The left shouldn’t conflate radicalism with ConDems’ mutualism/cooperatives…

Whilst there was a coherent, competent response from the Co-Operative Party on Left Foot Forward, regarding Francis Maude’s announcements of the so-called ConDem cooperatives/mutuals project, Unite’s Tony Woodley gave a less than satisfactory reply:

There is no appetite from the public sector workforce or the public generally for these so-called co-operatives. It is insulting to think that these DIY co-operatives, set up on the cheap, can replace a well-established and joined-up public sector.

To think that cancer treatment can be equated with the values of the retail sector beggers belief. And to keep repeating the words ‘John Lewis’ as the reasoning for these changes is just mangling and perverting the English language. You go to John Lewis to buy a sofa or a fridge, not to have chemotherapy.

It is not clear whether he supports or disagrees with the cooperative and mutual movement per se, rather than just the Tories’ cooperative movement – the latter disagreement being understandable. This isn’t the first time that Unite have had such a damning critique of cooperatives and mutuals; for example, Gail Cartmail proclaimed early this year that the Tories are:

using the language of socialism to mask a break-up of public services [and] mangling the English language to advance his anti-state ideology.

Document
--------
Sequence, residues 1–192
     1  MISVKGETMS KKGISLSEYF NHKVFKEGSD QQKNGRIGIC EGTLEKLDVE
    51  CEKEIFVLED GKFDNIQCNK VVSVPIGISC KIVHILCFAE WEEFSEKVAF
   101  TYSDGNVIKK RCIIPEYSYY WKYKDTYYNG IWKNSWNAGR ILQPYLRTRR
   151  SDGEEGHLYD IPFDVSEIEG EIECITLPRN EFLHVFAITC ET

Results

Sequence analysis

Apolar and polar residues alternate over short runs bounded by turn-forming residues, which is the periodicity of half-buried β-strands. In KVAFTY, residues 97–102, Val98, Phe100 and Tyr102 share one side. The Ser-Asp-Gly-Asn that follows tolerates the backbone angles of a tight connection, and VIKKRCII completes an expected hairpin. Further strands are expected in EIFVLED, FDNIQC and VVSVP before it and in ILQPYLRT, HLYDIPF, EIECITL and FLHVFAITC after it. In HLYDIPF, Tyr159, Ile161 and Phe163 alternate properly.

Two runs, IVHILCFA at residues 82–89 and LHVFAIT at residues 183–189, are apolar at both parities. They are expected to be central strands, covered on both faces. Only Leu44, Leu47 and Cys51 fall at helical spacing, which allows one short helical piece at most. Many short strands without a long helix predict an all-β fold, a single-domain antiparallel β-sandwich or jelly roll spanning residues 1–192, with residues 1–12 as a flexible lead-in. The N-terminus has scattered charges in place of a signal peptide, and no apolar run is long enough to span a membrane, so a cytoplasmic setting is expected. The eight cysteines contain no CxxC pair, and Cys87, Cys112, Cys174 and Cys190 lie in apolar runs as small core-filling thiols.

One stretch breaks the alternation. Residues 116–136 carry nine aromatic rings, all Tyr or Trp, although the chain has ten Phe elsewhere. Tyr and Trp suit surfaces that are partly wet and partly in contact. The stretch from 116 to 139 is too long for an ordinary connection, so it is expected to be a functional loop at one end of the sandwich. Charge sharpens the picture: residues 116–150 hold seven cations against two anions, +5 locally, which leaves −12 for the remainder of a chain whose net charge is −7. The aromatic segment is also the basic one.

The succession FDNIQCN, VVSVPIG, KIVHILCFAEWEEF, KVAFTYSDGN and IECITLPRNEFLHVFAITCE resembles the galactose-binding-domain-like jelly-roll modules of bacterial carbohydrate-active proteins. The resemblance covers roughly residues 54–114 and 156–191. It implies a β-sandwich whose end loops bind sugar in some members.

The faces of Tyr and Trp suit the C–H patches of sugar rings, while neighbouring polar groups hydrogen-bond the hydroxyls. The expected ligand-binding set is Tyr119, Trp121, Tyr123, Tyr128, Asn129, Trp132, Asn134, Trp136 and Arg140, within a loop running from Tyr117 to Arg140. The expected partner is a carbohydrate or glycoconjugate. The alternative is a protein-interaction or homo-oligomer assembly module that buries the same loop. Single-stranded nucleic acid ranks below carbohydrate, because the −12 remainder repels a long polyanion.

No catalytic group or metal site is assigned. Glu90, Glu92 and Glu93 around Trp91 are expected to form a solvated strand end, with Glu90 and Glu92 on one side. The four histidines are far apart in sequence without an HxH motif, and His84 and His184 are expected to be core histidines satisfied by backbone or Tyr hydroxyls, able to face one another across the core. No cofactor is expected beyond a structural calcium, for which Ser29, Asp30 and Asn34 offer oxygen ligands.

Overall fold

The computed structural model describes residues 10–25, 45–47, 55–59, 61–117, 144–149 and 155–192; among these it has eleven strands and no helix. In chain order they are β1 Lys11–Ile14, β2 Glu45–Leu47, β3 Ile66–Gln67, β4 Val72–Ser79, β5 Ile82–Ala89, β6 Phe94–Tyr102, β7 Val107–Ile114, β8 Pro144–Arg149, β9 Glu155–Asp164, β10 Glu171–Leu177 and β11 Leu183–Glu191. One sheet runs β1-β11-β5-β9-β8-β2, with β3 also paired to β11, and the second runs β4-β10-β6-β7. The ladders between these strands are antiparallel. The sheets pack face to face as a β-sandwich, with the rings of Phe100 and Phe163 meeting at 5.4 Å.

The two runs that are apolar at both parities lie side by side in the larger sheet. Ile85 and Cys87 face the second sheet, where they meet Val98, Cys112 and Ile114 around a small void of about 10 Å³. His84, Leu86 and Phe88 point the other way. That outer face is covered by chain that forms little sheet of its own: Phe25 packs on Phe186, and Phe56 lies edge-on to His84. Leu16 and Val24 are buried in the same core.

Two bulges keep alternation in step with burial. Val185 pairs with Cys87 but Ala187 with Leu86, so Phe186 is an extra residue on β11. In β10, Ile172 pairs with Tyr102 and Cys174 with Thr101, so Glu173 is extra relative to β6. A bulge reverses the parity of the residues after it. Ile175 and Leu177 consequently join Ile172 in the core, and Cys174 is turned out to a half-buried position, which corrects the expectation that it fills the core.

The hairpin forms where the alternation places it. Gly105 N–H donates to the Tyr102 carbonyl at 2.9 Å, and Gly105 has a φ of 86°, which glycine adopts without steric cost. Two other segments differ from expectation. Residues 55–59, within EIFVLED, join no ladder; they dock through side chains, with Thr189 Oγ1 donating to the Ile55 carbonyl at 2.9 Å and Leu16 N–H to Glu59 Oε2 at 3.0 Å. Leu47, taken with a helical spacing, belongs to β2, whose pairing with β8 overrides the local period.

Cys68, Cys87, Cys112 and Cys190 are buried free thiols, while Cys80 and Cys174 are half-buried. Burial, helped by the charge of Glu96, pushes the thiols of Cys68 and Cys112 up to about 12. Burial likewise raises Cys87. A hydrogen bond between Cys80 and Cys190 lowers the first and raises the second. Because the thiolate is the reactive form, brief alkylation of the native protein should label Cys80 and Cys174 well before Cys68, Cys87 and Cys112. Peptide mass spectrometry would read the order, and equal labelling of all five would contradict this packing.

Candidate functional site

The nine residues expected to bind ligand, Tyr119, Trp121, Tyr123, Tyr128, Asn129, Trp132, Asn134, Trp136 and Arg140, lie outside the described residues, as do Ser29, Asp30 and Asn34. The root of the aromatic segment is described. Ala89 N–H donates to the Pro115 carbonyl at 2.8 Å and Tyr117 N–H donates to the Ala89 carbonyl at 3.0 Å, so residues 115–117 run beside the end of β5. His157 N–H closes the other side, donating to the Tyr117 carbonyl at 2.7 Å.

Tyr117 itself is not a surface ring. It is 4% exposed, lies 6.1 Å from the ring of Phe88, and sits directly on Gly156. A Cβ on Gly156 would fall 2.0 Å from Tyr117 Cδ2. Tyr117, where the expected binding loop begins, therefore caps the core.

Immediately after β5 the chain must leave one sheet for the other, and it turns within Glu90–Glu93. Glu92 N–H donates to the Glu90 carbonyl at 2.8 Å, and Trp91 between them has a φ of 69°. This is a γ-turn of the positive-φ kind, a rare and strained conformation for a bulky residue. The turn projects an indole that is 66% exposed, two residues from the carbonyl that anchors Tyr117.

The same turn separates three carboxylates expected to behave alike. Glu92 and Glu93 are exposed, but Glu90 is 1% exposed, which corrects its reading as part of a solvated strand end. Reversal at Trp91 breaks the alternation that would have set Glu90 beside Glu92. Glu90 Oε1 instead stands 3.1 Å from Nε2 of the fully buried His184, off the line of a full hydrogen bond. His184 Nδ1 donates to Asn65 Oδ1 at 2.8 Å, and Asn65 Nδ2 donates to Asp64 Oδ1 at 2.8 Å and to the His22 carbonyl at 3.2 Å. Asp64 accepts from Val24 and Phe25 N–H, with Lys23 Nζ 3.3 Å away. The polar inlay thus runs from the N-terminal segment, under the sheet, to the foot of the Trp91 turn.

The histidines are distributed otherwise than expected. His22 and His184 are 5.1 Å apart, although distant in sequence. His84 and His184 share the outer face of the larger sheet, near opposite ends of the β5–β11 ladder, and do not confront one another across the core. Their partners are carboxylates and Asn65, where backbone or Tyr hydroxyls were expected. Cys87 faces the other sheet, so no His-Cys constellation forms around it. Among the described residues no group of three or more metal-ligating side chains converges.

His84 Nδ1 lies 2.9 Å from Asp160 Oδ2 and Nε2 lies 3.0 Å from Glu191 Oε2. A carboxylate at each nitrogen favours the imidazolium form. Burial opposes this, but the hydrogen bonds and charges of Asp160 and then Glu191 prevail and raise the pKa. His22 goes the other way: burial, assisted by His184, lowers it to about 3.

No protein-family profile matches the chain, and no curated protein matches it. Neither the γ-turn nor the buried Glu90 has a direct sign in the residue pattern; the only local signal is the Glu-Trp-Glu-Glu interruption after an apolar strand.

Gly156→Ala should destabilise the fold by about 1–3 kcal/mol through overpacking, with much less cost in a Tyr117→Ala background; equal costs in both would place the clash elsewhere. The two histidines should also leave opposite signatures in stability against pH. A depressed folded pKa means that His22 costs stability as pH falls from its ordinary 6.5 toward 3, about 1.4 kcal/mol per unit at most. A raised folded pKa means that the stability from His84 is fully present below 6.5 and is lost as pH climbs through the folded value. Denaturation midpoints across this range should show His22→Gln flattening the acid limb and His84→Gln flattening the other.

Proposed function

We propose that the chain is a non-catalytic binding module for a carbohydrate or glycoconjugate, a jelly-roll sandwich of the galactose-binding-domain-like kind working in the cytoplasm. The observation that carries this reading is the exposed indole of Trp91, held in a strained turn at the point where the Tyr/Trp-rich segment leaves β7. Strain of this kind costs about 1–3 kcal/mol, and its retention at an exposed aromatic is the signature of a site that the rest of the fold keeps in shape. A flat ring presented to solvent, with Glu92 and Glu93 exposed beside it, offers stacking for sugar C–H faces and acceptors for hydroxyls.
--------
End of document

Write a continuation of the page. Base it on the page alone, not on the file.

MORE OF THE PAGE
In the same statement, there appears to be an assumption that cooperatives per se would pose a threat to the public sector:

He said that certain national standards will have to apply for education and health – however, national standards already apply for public services, so why break-them up to only recreate them? It does not make sense.

Whilst I agree that the Tories’ proposals for mutuals/cooperatives are an attempt to break the public sector up and make a profit, it is failure on the part of Unite in not distinguishing between the Tory plans and the visions of organisations/parties such as the Co-Operative Party. Mutuals and cooperatives can be a real way to provide power and democracy to the workers within organisational arrangements, it doesn’t have to be done in a way that threatens or undermines the public sector. It can be a way to give workers genuine power, only if done in accordance to the appropriate values and goals, which includes prohibiting cooperatives being used for privatisation ‘gains’.

If the left is going to re-vigour itself, it has to embrace these new ideas of ownership. They shouldn’t be seen as a threat to socialism or whatever, it should be seen as a way to bring in real local democracy. We shouldn’t become set in a thought that the state is the answer to everything, there are ways to reform areas of life so that we can provide real face-to-face democracy, real control and thus, real self freedom. It doesn’t help when the left and those supporting worker’s rights, seem to conflate meanings and undermine the cause of progressive movements such as the cooperative/mutuals movement. It appears from the press releases that Unite are not keen on cooperatives in general – I may be wrong, and would be happy to update the blog post if someone can prove me wrong – but even if I am wrong, they haven’t made it clear in their statements.